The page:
--By the Hollywood Teen Book Council
We all have those childhood favorites that will forever hold a place in our hearts. Sometimes we come across something that takes us back. If you want to revisit a blast from the past, try one of these suggestions from Hollywood Teen Book Council member Elsa Hoover.
Yertle the Turtle by Dr. Seuss
The rock that Yertle uses as a throne isn’t high enough so King Yertle stacks himself on top of other turtles to see farther and make his kingdom bigger. He does not, however, think of how this situation is affecting the turtles beneath him.
The Big Short by Michael Lewis
In Michael Lewis’s book, four high-finance outsiders are the first to understand that the mid-2000-era housing market was the equivalent of a throne of stacked turtles.
Eloise by Kay Thompson
Unforgettable Eloise lives at the Plaza Hotel and knows everything about it.
Anna and the French Kiss by Stephanie Perkins
Anna has her senior year planned out. Then plans change and she ends up in a boarding school in Paris. She’s pining for Georgia, so Paris isn’t very magical. But there’s this guy…
From the Mixed-Up Files of Mrs. Basil E. Frankweiler by E. L. Konigsburg
Claudia and her brother Jamie run away to the Metropolitan Museum of Art. Hiding in the museum is part of the fun, but they also set out to figure out if an angel statue was sculpted by Michelangelo.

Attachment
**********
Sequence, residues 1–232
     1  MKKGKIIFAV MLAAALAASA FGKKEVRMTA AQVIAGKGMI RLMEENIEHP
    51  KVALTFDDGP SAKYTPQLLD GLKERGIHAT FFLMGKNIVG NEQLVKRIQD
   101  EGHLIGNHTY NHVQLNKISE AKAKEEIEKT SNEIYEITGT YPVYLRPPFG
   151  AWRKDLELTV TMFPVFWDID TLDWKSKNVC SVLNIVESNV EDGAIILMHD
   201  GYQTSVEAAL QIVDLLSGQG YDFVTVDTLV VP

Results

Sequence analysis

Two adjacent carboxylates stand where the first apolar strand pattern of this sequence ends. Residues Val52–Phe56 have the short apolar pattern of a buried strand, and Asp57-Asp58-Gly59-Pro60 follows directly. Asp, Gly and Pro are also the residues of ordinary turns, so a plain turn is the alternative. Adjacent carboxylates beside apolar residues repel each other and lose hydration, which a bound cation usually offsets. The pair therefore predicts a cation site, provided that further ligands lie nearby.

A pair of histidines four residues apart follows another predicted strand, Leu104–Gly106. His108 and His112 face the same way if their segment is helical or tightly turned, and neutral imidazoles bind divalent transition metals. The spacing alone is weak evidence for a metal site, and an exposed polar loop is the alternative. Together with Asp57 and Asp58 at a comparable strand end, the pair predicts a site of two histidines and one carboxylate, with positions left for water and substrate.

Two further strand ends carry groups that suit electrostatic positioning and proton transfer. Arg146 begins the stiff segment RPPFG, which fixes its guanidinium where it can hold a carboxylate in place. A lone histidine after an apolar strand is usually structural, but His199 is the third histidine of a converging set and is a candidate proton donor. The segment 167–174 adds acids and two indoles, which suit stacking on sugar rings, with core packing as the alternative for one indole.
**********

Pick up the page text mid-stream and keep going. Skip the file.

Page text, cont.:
I’ll Give You the Sun by Jandy Nelson
Jude and her twin brother Noah were once close and now they aren’t. Find out what happened when they were 13 and what’s happening now when they are sixteen.
The Paper Bag Princess Robert N. Munsch
Princess Elizabeth is ready to marry Prince Roland, until a dragon intervenes.
Bitterblue by Kristen Cashore
Princess Bitterblue’s rule of Monsea is complicated by the fact that she can’t leave the castle, and also because the former king was a violent psychopath. She’s ready to move her kingdom past that stage. But how?
Charlotte’s Web by E.B. White
Wilbur, the runt of the litter is saved twice, first by Fern Arable and then by Charlotte, a barn spider.
Animal Farm by George Orwell
The pigs have grown up! And this time they are taking over the farm in George Orwell’s allegorical novella.
Goodnight Moon by Margaret Wise Brown
The story of a bunny in a great green room saying goodnight to everything.
Room by Emma Donoghue
Jack says goodnight to things, too, though he does it in Room, the tiny shed which is the only home he’s ever known. Unknown to him, Room isn’t the world, it’s where he and his Ma are held captive by Old Nick.
Number the Stars by Lois Lowry
Annemarie and Ellen’s friendship persists despite the pressures of World War II and the relocation of Jews in Denmark.
Night by Elie WieselA son’s experience with his father in the concentration camps of Auschwitz and Buchenwald